Guidelines have been drawn up to advise those considering ventilation withdrawal. It is recommended that patients, family and clinicians openly discuss their thoughts about ventilation and the circumstances at the end-of-life. These discussions should begin before ventilation commences and continue throughout the illness and may be triggered by situations such as when patients begin to use ventilation in the day to relieve dyspnoea or if topics such as advanced decision-making or euthanasia are raised. If a patient expresses a wish to withdraw from ventilation the patient’s capacity must be assessed and it must be established that the decision is the settled position of the individual.
Conscious sedation (i.e drowsy but awake) using opiates and benzodiazepines should be achieved prior to ventilation withdrawal to avoid distressing symptoms. Deep unconscious sedation may be needed to tolerate withdrawal in those who become breathless quickly after mask removal. Although patients may die quickly, preparations must be made to support patients where the process may take longer” (Hobson and McDermott 2016).
Besides Bi-PAP, other respiratory support devices may improve overall respiratory function, including cough augmentation. ‘Sip-and-puff’ ventilation may be useful to augment respiration during the day and does not require tracheostomy. The decision to perform tracheostomy and institute invasive ventilation is complex, and depends on patient, clinician and resource factors. It is noted that the rates of long-term tracheal ventilation vary according to countries, and that very few patients pursue this therapy in Australia and UK because of the apparent clinical futility of the approach (Simon et al 2015).
Shoesmith et al 2021, Canadian best practice recommendations for the management of amyotrophic lateral sclerosis:
See respiratory decision tree - figure 1 and respiratory management recommendations - table 1
National Institute for Health and Clinical Excellence (2016) NICE Guideline: Motor Neurone Disease Assessment and Management – see recommendations:
1.12 Respiratory function and respiratory symptoms
1.13 Cough effectiveness
1.14 Non – invasive ventilation: Information and support about non-invasive ventilation, Identification and assessment of respiratory impairment, Non-invasive ventilation for treatment of respiratory impairment in people with MND, Stopping non-invasive ventilation
See also NICE interactive pathways: Assessing and managing respiratory function in motor neurone disease pathway
Non-invasive ventilation in motor neurone disease
Andersen et al 2012, EFNS guidelines on the Clinical Management of Amyotrophic Lateral Sclerosis (MALS) – revised report of an EFNS task force, Respiratory management in patients with ALS recomendations:
Miller et al 2009, Practice parameter update: the care of the patient with amyotrophic lateral sclerosis: drug, nutritional, and respiratory therapies (an evidence-based review): report of the Quality Standards Subcommittee of the American Academy of Neurology.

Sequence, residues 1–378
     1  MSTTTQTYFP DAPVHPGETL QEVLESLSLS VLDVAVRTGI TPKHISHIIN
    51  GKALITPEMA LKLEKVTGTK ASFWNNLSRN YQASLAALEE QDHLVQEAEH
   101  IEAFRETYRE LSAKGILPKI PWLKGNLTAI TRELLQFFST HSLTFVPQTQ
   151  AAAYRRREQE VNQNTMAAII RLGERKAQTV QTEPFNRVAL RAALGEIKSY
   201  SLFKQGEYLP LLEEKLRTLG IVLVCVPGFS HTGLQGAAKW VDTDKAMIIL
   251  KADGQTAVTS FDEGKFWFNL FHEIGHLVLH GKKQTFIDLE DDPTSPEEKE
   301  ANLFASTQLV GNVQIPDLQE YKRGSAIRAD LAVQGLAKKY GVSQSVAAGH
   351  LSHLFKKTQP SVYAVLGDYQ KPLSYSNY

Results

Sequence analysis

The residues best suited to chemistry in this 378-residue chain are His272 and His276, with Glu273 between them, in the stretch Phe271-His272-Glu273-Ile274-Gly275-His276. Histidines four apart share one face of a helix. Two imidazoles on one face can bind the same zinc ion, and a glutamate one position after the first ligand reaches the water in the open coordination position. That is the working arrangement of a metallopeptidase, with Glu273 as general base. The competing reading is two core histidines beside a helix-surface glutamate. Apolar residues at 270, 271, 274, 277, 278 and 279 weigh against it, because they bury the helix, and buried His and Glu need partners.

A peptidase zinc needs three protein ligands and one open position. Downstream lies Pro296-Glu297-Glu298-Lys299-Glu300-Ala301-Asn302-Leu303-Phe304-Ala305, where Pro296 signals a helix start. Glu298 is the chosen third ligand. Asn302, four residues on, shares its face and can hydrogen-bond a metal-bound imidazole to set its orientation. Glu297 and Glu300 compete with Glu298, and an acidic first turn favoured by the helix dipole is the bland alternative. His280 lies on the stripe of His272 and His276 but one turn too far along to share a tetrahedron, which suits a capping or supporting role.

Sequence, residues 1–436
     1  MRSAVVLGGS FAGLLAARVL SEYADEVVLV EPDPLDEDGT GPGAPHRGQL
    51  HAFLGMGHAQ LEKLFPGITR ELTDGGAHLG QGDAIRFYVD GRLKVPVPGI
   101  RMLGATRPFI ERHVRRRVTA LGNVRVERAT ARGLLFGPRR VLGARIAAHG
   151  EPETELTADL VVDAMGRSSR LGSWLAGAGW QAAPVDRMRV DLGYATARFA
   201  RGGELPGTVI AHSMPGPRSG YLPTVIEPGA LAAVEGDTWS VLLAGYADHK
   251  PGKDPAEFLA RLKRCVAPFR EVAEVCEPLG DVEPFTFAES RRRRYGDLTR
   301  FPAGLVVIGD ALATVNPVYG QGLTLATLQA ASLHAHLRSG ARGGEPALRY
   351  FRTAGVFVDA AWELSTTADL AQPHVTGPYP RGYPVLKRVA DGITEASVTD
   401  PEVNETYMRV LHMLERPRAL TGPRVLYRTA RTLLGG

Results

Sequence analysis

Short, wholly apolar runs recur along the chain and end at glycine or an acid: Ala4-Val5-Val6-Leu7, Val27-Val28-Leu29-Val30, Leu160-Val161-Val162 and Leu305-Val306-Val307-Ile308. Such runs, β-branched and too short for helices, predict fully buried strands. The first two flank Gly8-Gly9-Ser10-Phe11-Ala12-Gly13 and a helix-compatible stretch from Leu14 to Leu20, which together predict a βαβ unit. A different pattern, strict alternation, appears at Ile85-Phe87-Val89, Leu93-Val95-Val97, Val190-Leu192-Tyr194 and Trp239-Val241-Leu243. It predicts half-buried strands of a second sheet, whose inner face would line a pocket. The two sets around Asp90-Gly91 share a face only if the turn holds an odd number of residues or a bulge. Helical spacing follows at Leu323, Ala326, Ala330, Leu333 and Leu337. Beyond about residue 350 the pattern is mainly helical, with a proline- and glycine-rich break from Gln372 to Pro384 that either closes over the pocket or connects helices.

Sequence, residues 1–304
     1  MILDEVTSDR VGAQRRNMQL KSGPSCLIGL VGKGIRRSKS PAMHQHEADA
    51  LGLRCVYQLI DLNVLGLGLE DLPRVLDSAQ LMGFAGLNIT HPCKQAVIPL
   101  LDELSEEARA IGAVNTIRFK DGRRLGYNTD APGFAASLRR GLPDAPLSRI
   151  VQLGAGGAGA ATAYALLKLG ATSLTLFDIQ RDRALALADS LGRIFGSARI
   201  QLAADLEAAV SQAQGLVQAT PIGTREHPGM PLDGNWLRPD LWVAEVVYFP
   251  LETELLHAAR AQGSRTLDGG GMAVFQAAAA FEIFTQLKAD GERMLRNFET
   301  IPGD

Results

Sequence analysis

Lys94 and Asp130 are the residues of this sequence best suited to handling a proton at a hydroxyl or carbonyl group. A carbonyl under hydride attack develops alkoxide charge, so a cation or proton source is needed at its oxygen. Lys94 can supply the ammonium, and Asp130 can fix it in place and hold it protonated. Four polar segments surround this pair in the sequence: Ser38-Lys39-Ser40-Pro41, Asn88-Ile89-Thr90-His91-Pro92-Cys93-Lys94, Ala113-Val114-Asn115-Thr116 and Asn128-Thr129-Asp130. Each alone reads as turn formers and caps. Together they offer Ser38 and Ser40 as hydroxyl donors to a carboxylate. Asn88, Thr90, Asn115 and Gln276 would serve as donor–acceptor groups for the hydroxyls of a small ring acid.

Recommendations: NIV should be considered to treat respiratory insufficiency in order to lengthen survival (Level B), and may be considered to slow the decline of forced vital capacity (Level C) and improve quality of life (Level C). Early initiation of NIV may increase compliance (Level C), and insufflation/exsufflation may be considered to help clear secretions (Level C).
Respiratory management algorithm
Summary of Evidence Based Guideline for Clinicians
Rafiq et al, 2012, Respiratory management of motor neurone disease: a review of current practice and new developments - Practice points:
MND Aware e-training program MND Hub – online training course for health professionals and service providers developed by MND NSW – Session 10: Symptom Management – Breathing
Centre of Palliative Care, Hot Topics in Palliative Care Webinar Series 2021, Management of NIV in MND and elective withdrawal of ventilation, Assoc/Professor Mark Howard, Dr Susan Mathers, Dr Rowan Hearn.
The Southern Metropolitan Region Palliative Care Consortium (SMRPCC), Robyn Reid, MND Shared Care Worker- MND podcasts - Respiration and non-invasive ventilation
International Alliance of ALS/MND Association, 18th Allied Professionals Forum 2020:
International Alliance of ALS/MND Association, 17th Allied Professionals Forum 2019:
International Alliance of ALS/MND Association, 16th Allied Professionals Forum 2018:
International Alliance of ALS/MND Association, 15th Annual Allied Professionals Forum, 2017:
Dr David Oliver, 2010, Withdrawal of NIV - How can we help all involved?
MND Australia, Motor Neurone Disease: More Facts - for people living with MND
MND Australia Fact Sheet series for people living with MND:
EB5 Breathing and motor neurone disease: an introduction
EB6 Breathing and motor neurone disease: what you can do
EB7 Breathing and motor neurone disease: medications and non-invasive ventilation
Breathing and MND
Equipment, assitive technology and home modifications
Eating, drinking and swallowing
Talking about end of life and planning ahead
MND Decision Assist Tool, Should I have assisted ventilation to help breathing difficulty in MND?
MND NSW, Living well with MND 2019:
MND Australia, 4th MND Connect 2018:
Health Talk - healthtalk.org - stories collected by academic researchers who interview people in their own homes, using their own words: